Film Discussion Tuesday Night: Ida​

and I fear that it’s going to be a hard sell.

First, the movie is Polish. Second, it’s in black and white. Third, it’s a story about a young nun on a road trip to find out about her family’s past. Fourth, although I haven’t seen the movie, I expect that the chances for the usual selling points of summer films—sex, violence, car chases, immoderate behavior—are extremely limited.

My own enthusiasm for the movie is based on reading reviews by some of my favorite reviewers, all of whom love the movie to death. It gets four out of four stars from almost everyone. And the people who aren’t crazy about it (not very darn many) are quite open about their low tolerance for quiet movies with strong emotional payoffs. (It doesn’t pay to have rock-and-roll critics review Beethoven string quartets.)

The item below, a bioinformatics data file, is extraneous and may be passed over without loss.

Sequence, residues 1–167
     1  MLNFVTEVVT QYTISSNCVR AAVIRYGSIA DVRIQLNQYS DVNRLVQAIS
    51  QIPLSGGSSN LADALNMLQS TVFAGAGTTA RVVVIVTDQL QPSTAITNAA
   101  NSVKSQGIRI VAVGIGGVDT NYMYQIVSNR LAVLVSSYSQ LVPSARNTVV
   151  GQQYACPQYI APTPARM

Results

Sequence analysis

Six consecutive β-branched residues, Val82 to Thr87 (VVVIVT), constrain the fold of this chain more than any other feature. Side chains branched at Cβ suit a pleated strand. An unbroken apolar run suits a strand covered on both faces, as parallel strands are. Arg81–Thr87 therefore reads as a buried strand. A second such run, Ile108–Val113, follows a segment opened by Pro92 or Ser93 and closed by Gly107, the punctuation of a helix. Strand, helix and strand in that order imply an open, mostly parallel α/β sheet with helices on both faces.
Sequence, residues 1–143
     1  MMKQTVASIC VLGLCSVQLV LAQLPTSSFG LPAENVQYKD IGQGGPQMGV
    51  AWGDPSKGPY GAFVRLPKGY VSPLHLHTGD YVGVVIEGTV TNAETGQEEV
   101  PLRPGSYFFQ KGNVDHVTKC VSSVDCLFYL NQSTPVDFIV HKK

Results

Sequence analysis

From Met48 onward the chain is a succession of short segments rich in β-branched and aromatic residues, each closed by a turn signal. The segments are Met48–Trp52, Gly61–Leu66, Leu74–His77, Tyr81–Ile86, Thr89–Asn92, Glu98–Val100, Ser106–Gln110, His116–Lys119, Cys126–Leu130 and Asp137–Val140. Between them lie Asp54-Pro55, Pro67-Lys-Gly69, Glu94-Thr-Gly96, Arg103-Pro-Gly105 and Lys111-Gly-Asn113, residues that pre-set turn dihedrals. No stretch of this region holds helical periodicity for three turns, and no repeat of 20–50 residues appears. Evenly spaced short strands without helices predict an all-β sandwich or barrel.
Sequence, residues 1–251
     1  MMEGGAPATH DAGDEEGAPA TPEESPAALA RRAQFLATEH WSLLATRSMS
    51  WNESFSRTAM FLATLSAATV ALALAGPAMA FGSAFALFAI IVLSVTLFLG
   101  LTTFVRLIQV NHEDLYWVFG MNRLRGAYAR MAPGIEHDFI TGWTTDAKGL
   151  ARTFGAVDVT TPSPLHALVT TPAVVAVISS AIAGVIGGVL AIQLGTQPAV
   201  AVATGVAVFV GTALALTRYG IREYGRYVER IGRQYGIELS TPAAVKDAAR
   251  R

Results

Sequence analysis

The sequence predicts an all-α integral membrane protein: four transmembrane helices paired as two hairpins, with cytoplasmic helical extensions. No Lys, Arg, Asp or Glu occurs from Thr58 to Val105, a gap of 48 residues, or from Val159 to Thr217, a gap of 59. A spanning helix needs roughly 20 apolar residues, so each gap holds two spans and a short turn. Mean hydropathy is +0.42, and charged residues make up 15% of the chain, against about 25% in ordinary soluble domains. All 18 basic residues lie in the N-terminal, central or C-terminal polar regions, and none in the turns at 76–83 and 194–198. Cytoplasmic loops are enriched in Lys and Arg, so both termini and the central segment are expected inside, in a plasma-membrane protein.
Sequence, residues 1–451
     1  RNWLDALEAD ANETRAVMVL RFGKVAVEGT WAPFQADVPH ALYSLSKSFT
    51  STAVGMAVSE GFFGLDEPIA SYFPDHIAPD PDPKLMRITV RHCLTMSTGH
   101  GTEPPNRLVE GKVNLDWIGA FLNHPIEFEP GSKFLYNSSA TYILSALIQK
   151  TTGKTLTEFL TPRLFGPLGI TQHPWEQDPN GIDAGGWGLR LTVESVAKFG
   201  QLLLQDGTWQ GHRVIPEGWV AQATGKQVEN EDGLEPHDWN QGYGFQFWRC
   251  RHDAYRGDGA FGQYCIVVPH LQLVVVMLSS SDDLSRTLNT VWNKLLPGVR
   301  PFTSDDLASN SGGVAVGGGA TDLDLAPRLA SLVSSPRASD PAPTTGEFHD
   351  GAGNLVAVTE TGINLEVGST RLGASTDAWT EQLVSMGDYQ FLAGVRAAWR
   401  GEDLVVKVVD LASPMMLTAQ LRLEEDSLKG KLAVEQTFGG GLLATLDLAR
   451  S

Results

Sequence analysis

I know that at some point, Ida, the nun for whom the movie is named, finds out something about her family’s past. And in the Communist Poland of the 1960, when the movie is set, the biggest stories waiting to be discovered are about the anti-Semitic campaigns of World War II.

I suppose I could have included that under the list of hard-sell points above, but I have a couple of points that I’m hoping will overcome your objections, if you have them.

First, a great villain makes for high emotional stakes, and the Holocaust is one of the enduring villainies of all time. Second, we get very few opportunities to see genuinely beautiful black and white movies these days; your eyes and your sense of beauty will thank you. Third, just as steaks with a bone in the middle have the most flavor, movies with a hard truth in the middle make for wonderful discussions.

I hope to see you there. Also, keep Snowpiercer, the Korean ultraviolent thriller that we will be seeing on August 26 on your calendar. That should make up for an entire summer of missed violent mall flicks.

Paul Goodwin